Sift or whisk together:
2/3 cup sorghum flour or your preferred GF flour/mix
1/3 almond flour or meal
1/4 millet flour or your preferred GF flour/mix
1 TB baking powder
1/2 tsp baking soda
1/8 tsp or pinch ground nutmeg
1/2 tsp salt
1 TB sugar
3/4 tsp xanthan or guar gum, or psyllium seed husk powder

Beat together:
Dig in!
2 eggs, beaten
1/2 cup whole milk yogurt combined with 1/2 cup whole milk
   or 1 cup buttermilk
2 TB vegetable oil
1 tsp vanilla extract

Stir the wet ingredients into the dry ingredients and stir thoroughly to combine. Mixture should be a bit lumpy; don't worry if it is or isn't.

When the griddle is hot (drops of water should sizzle when sprinkled), drop a big spoonful or two onto the hot griddle for each pancake. After two to three minutes, check for bubbles to appear in the pancakes or gently lift an edge to check for browning. Carefully turn the pancakes over taking being sure not to mash them down; you want them to stay light and fluffy! After a couple of minutes, push lightly on the middle. If it springs back, it's done. You may also check to see how brown they are on the bottom but the touch test is most accurate.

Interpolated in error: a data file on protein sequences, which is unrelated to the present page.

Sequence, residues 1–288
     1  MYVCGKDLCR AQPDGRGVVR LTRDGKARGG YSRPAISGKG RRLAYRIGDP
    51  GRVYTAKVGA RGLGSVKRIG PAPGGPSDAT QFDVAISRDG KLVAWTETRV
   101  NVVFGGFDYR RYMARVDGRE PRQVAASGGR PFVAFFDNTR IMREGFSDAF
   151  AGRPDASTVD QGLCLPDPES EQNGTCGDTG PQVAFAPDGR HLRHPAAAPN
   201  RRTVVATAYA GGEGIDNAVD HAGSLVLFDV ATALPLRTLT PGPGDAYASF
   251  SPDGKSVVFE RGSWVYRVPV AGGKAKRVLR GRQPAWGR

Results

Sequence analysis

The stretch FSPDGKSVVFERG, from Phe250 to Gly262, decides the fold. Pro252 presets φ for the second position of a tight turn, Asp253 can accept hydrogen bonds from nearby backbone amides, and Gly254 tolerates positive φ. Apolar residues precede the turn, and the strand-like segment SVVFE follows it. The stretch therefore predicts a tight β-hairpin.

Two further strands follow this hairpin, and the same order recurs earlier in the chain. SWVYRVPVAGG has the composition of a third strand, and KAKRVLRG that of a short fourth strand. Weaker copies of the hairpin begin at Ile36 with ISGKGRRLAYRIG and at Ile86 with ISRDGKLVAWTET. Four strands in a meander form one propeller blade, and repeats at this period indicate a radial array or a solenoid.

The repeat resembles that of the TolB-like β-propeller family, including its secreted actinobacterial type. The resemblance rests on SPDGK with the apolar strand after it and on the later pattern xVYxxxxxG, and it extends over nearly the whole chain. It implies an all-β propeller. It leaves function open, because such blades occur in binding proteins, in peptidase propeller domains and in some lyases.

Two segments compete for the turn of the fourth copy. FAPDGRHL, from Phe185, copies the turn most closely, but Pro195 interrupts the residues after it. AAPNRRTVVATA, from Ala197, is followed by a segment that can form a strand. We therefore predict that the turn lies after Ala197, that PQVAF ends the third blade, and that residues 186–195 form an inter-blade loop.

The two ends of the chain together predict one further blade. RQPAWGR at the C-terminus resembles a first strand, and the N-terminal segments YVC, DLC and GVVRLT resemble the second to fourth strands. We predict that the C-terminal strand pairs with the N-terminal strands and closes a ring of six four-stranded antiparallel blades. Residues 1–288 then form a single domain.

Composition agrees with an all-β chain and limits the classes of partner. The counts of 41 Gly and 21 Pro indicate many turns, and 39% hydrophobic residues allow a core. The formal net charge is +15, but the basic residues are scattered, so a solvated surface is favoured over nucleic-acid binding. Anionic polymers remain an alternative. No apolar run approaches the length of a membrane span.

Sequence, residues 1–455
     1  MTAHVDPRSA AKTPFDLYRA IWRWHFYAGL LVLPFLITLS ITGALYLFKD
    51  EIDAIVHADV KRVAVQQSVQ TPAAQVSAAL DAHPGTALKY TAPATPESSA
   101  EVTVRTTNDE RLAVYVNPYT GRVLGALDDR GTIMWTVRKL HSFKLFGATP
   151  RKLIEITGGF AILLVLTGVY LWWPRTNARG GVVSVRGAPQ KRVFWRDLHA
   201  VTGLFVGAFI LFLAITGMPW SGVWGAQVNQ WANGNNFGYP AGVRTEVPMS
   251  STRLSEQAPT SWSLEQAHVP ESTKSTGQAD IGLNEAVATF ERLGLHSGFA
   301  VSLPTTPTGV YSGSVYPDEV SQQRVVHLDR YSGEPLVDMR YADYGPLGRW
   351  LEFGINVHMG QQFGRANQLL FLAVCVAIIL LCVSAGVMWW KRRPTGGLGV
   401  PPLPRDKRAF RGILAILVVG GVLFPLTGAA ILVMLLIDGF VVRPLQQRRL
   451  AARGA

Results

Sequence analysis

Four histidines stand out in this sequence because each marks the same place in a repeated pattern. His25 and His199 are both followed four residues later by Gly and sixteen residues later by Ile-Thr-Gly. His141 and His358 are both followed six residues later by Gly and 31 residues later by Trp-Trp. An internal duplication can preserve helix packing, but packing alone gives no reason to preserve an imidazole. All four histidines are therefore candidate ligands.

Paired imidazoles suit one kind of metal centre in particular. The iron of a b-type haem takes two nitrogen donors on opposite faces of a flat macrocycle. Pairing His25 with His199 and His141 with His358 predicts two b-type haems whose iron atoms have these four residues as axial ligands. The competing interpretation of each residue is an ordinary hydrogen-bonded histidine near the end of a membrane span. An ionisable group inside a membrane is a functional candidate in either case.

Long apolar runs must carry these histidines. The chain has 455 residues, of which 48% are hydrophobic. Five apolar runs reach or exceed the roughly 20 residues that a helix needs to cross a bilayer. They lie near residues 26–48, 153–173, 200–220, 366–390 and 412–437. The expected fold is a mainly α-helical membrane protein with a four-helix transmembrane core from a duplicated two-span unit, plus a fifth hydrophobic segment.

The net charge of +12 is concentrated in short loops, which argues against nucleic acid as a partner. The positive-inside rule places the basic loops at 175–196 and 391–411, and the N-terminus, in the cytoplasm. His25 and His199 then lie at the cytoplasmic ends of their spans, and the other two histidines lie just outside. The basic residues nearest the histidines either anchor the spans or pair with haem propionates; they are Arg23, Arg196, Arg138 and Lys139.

Since there were just two of us eating this particular morning, I made three for each of us then put the remainder of the batter in a glass jar, stored it in the fridge, and finished them off a few days later. At this point the batter will need just a bit of thinning with milk or water, but will be as delicious as the first day.

Serve with warm, pure maple syrup or fruit compote. I'm smiling at how much you'll enjoy the first bite!

Sunday, November 23, 2014

Cocoa-date Muffins

Let's eat!